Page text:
David Katz, MD
David L. Katz, MD, MPH, FACP, is an internationally renowned authority on nutrition, weight management, and the prevention of chronic disease, and an internationally recognized leader in integrative medicine and patient-centered care.

Just Oncology
Richard Just, MD, ACP Member, has 36 years in clinical practice of hematology and medical oncology. His blog is a joint publication with Gregg Masters, MPH.

Kevin Pho, MD, ACP Member, offers one of the Web's definitive sites for influential health commentary.

MD Whistleblower
Michael Kirsch, MD, FACP, addresses the joys and challenges of medical practice, including controversies in the doctor-patient relationship, medical ethics and measuring medical quality. When he's not writing, he's performing colonoscopies.

Medical Lessons
Elaine Schattner, MD, FACP, shares her ideas on education, ethics in medicine, health care news and culture. Her views on medicine are informed by her past experiences in caring for patients, as a researcher in cancer immunology, and as a patient who's had breast cancer.

Mired in MedEd
Alexander M. Djuricich, MD, FACP, is the Associate Dean for Continuing Medical Education (CME), and a Program Director in Medicine-Pediatrics at the Indiana University School of Medicine in Indianapolis, where he blogs about medical education.

More Musings
Rob Lamberts, MD, ACP Member, a med-peds and general practice internist, returns with "volume 2" of his personal musings about medicine, life, armadillos and Sasquatch at More Musings (of a Distractible Kind).

David M. Sack, MD, FACP, practices general gastroenterology at a small community hospital in Connecticut. His blog is a series of musings on medicine, medical care, the health care system and medical ethics, in no particular order.

Reflections of a Grady Doctor
Kimberly Manning, MD, FACP, reflects on the personal side of being a doctor in a community hospital in Atlanta.

The Blog of Paul Sufka
Paul Sufka, MD, ACP Member, is a board certified rheumatologist in St. Paul, Minn. He was a chief resident in internal medicine with the University of Minnesota and then completed his fellowship training in rheumatology in June 2011 at the University of Minnesota Department of Rheumatology. His interests include the use of technology in medicine.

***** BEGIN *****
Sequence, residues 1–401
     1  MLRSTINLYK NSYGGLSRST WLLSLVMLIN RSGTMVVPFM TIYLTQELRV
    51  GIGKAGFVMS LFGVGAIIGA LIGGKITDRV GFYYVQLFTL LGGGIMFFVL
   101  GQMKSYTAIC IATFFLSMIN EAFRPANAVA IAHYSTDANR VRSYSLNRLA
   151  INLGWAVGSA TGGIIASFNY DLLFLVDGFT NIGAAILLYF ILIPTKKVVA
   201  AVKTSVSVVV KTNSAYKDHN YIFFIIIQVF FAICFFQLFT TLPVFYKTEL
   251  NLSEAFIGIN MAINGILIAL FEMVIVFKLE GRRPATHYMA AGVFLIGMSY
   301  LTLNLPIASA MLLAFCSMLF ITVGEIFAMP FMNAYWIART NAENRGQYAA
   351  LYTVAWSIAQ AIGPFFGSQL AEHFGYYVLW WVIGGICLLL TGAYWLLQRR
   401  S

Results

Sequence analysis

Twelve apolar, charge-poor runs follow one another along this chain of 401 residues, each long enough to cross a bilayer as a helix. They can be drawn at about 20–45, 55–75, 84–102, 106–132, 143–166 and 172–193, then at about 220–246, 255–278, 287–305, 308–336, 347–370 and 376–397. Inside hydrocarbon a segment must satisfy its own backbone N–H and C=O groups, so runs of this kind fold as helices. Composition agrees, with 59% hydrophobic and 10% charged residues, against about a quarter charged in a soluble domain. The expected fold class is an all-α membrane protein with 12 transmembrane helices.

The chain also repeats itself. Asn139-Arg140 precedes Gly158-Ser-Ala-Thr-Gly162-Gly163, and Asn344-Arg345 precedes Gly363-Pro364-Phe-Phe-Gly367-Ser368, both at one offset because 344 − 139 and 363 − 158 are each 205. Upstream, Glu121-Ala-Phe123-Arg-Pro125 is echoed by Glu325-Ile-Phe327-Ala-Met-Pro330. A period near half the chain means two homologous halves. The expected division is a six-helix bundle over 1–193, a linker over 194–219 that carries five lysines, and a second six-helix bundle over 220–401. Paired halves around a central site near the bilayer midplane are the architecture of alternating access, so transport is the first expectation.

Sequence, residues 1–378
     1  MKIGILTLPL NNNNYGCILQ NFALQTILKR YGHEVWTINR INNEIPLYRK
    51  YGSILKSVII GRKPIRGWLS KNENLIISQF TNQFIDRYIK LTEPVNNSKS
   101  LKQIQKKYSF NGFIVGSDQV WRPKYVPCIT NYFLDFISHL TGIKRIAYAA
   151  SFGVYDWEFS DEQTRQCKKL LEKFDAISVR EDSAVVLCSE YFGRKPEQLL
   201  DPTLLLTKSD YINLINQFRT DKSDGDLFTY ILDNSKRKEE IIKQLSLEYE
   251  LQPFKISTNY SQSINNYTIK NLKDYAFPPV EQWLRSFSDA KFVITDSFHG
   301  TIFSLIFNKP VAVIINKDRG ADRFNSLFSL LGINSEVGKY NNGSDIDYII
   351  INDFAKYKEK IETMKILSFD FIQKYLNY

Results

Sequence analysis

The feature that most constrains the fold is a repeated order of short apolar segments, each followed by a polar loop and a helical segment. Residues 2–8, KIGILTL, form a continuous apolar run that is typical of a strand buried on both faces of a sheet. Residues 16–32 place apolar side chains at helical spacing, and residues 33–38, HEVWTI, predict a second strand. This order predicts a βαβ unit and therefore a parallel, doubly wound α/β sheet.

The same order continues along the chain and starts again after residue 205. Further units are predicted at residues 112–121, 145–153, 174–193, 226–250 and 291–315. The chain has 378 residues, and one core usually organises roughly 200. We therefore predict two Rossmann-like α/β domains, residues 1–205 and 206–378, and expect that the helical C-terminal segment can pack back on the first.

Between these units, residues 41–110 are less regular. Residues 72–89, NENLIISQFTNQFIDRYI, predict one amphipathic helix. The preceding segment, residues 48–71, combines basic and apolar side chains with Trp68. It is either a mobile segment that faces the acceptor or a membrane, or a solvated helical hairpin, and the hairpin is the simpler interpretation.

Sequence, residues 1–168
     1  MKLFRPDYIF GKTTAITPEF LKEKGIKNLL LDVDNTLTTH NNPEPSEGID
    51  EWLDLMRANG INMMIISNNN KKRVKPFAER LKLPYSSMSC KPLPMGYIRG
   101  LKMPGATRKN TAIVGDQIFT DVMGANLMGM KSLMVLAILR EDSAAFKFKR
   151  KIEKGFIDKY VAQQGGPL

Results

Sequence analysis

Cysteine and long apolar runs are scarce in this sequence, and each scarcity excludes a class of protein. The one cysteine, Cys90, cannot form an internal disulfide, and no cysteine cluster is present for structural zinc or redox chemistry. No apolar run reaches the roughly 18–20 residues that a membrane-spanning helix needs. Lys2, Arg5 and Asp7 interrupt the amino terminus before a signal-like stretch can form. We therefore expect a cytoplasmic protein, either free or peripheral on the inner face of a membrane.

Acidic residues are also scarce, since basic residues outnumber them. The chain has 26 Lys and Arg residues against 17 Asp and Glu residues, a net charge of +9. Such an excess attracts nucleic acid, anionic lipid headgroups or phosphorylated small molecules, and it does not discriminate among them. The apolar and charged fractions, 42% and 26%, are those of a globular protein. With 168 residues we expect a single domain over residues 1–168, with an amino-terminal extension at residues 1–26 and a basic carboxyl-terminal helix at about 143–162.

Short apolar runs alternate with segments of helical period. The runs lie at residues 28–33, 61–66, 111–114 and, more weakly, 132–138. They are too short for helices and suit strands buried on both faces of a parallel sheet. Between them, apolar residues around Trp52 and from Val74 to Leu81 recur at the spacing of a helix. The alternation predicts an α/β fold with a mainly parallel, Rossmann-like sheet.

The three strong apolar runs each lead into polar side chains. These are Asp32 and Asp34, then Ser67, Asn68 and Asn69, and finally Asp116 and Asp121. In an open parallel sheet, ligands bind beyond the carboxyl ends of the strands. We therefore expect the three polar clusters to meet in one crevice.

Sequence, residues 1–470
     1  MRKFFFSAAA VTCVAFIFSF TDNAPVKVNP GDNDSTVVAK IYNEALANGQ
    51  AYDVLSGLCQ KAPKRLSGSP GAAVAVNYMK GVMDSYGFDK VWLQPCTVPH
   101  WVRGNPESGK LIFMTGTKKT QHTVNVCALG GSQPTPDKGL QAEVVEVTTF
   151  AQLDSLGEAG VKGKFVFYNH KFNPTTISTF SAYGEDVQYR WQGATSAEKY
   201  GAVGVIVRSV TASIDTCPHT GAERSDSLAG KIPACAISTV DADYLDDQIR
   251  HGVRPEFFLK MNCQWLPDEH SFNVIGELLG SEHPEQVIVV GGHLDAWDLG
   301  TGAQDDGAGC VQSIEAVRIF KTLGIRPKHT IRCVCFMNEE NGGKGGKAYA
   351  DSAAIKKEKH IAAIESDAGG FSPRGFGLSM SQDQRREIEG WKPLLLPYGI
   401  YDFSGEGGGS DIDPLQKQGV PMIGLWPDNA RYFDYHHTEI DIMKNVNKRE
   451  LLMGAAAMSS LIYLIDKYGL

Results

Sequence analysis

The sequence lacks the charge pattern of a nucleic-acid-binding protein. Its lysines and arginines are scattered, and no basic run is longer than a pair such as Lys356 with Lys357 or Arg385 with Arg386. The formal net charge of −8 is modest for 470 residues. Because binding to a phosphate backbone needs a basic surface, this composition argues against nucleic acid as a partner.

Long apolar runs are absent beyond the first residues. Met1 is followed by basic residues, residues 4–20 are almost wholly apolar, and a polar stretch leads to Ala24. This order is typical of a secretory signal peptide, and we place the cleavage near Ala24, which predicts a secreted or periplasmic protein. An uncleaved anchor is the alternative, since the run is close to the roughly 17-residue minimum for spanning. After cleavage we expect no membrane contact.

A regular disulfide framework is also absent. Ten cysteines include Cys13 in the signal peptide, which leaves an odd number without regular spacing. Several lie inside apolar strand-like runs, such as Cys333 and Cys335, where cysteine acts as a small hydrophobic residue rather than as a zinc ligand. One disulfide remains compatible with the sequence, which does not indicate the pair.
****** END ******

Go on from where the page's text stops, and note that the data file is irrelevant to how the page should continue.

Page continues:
Technology in (Medical) Education
Neil Mehta, MBBS, MS, FACP, is interested in use of technology in education, social media and networking, practice management and evidence-based medicine tools, personal information and knowledge management.

Peter A. Lipson, MD
Peter A. Lipson, MD, ACP Member, is a practicing internist and teaching physician in Southeast Michigan. The blog, which has been around in various forms since 2007, offers musings on the intersection of science, medicine, and culture.

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Janice Boughton, MD, FACP, practiced internal medicine for 20 years before adopting a career in hospital and primary care medicine as a locum tenens physician. She lives in Idaho when not traveling.

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Daniel Ginsberg, MD, FACP, is an internal medicine physician who has avidly applied computers to medicine since 1986, when he first wrote medically oriented computer programs. He is in practice in Tacoma, Washington.

Other blogs of note:

American Journal of Medicine
Also known as the Green Journal, the American Journal of Medicine publishes original clinical articles of interest to physicians in internal medicine and its subspecialities, both in academia and community-based practice.

Clinical Correlations
A collaborative medical blog started by Neil Shapiro, MD, ACP Member, associate program director at New York University Medical Center's internal medicine residency program. Faculty, residents and students contribute case studies, mystery quizzes, news, commentary and more.

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PLoS Blog
The Public Library of Science's open access materials include a blog.

White Coat Rants
One of the most popular anonymous blogs written by an emergency room physician.